MILLBURN, NJ - The Millburn Board of Education announced the Google Chromebook initiative rolling out at the beginning of the 2017-2018 school year. Assistant Superintendent of Schools Kyle Arlington presented the supporting research and addressed concerns regarding Chromebooks in the classroom. Incorporating increased technology into the curricula modernizes Millburn schools and provide students with a 21st-century learning experience that includes enhanced elements of creativity, collaboration, critical thinking, and communication.
Effective September 2017 the district will lend Chromebooks to fifth and sixth-grade students during school hours. Through what is dubbed the 1:1 program Millburn High School Freshman will get their own Chromebooks for use in and out of school.
The Board of Education designed the initiative with the intention that each student uses their assigned Chromebook for the duration of their career in their respective schools. Additionally, the one-year Washington School, a fifth-grade academy, lacks a media center and the incorporation of Chromebooks in the classroom serves to compensate.
The district chose Chromebooks for the built-in Google apps for Education (GAFE) including Google Docs, Google Classroom, Google Slides, and more, all of which have now been instrumental in Millburn education for years. These devices are less costly than Apple products which the district also owns.
An instrumental portion of the trial process was the “Bring Your Own Device” (BYOD) period. The BYOD trial allowed students to use their own devices for the purpose of classroom management using tools like Google Classroom inside and outside of school. The students were able to take notes, organize material in electronic folders, and instantly access multimedia resources.
The designated BYOD WIFI network blocked certain websites which administration deemed to be inappropriate for school.
The network limited students’ access to the internet, but the district plans on taking technology screening to new heights. Using programs such as “Go Guardian for Teachers” and “Blocksi” teachers can monitor student screens and manipulate them from their computers if need be.
Arlington acknowledged the concerns, and objections many raised regarding the effect Chromebooks will have on note taking. “The goal of increased technology access for us has never been, and will not be, to have students take notes electronically instead of by hand,” said Arlington. “Teachers may use devices as one tool to teach possible ways to organize notes.”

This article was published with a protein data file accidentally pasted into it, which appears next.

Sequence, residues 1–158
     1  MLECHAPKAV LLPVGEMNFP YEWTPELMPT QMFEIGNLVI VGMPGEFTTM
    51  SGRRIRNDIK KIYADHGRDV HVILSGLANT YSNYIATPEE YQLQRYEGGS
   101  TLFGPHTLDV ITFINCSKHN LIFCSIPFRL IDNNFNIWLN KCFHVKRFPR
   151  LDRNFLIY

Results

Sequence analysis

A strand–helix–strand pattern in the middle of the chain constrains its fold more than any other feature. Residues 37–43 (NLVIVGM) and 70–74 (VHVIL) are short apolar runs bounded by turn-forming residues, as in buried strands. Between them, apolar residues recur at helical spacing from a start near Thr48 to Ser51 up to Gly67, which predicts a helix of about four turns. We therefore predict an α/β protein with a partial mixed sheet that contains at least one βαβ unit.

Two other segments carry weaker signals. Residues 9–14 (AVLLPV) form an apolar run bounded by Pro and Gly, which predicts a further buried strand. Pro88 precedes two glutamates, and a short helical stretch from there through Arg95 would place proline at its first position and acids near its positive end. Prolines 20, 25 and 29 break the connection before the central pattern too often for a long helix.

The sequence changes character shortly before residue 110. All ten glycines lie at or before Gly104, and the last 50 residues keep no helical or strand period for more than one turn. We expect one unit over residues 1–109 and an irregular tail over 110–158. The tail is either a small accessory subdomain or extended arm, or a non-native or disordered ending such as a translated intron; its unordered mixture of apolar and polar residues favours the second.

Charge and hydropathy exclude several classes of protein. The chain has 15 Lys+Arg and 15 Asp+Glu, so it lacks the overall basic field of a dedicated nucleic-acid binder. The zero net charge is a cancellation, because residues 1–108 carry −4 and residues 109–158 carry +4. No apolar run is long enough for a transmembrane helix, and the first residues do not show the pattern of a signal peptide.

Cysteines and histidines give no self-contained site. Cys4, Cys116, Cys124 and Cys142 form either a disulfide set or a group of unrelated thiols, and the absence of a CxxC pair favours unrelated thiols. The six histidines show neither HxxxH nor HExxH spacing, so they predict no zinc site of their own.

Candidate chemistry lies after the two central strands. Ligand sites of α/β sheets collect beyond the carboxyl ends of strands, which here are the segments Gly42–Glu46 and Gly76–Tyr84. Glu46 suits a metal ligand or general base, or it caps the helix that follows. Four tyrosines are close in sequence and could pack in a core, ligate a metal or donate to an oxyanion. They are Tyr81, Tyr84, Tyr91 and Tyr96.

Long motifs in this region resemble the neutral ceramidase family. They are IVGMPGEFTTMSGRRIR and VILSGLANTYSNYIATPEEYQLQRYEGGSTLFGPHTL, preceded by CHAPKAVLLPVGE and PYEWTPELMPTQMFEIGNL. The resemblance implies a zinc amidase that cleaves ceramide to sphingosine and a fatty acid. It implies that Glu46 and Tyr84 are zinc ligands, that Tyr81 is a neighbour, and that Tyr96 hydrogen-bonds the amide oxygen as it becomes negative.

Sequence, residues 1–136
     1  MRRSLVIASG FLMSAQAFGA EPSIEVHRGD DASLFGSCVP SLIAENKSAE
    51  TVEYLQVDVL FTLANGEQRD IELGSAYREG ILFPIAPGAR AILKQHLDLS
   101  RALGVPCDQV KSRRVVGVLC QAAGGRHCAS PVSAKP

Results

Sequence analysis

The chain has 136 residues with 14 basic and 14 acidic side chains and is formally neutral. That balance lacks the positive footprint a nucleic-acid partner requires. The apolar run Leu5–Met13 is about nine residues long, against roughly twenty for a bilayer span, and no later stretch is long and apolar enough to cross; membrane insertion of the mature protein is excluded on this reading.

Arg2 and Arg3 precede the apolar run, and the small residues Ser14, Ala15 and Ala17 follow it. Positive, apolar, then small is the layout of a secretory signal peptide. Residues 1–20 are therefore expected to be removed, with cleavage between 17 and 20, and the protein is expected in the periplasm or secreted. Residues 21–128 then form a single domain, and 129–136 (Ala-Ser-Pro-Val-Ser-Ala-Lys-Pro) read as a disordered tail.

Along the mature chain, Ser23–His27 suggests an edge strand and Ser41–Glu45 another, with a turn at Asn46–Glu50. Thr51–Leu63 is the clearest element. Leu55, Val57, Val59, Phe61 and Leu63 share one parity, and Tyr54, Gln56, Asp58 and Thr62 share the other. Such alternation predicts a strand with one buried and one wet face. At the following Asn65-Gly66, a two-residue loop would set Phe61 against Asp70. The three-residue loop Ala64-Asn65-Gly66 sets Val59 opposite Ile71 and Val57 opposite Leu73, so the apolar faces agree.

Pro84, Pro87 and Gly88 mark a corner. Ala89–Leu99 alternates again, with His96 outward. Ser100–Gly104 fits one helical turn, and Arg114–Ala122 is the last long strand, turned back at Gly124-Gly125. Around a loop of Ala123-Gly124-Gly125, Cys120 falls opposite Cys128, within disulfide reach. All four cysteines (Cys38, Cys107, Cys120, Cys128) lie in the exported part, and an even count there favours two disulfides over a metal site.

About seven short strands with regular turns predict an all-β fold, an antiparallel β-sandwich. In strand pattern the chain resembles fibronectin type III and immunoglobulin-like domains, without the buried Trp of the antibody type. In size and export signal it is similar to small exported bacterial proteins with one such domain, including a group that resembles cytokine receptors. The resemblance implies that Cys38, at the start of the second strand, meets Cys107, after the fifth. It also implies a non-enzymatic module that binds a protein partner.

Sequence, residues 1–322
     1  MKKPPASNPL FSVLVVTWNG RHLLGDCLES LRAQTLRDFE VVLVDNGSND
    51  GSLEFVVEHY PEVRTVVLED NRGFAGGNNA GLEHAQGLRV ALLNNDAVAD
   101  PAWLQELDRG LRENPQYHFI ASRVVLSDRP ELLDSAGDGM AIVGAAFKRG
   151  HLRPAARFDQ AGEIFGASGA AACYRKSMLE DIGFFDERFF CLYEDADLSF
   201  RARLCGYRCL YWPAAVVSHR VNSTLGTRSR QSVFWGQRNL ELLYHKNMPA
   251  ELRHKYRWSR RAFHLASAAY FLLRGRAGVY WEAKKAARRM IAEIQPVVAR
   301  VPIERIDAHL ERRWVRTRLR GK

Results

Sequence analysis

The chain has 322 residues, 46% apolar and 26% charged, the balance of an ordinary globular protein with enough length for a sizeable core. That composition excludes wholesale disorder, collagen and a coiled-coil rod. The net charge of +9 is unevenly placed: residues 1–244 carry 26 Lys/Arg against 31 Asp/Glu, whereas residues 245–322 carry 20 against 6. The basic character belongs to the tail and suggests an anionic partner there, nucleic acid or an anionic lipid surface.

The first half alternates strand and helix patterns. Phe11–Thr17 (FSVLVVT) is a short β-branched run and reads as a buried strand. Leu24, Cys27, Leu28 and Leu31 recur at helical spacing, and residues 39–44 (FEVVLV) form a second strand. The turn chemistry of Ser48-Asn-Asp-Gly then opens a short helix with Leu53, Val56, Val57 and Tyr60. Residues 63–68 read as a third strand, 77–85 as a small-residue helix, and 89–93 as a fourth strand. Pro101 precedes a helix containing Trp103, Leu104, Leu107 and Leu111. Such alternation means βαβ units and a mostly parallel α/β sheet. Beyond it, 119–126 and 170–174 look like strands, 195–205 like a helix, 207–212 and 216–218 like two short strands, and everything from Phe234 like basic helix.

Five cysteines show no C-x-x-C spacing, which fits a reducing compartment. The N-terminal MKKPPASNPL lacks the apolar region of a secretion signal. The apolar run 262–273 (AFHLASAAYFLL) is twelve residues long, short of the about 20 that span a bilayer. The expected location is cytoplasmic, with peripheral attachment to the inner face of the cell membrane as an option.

One Millburn fifth grade teacher testified that “My goal is that by the end of the year they leave school knowing which tool or method works best for them as a learner.”
Arlington and the BOE subscribe to Dr. Ruben Puentedura’s Substitution, Augmentation, Modification, and Redefinition (SAMR) model designed to help educators infuse technology into teaching and learning. They aim to accomplish “Redefinition,” the top rung of the concept, rather than “Substitution,” the lowest rung. “Redefinition” is reached when educators use devices to create or to complete a task that was not possible without technology, whereas “Substitution” fails to stretch the limits of education.
Screen time was a common concern among the public. There are studies and testimonies from Millburn parents which argue that excessive exposure to screens is unhealthy, especially for children. However, these parents took comfort in Arlington’s reassurance that devices will only be used if the teacher deems it necessary for class.
Millburn Township schools have prepared to make this initiative for years now as GAFE have become very popular in each school. In fact, Amplified IT, a third party researcher, audited Millburn Township Schools’ usage of Google apps for education and found since incorporating Google apps into curricula, Millburn students have created 3,781,269 total Google files.
In preparation for the September rollout, the administration will decide which specific Chromebook model is the best fit to be circulated among the students in the district. The Board will also publish a Chromebook Procedures and Information Handbook, with insurance plans for ninth graders.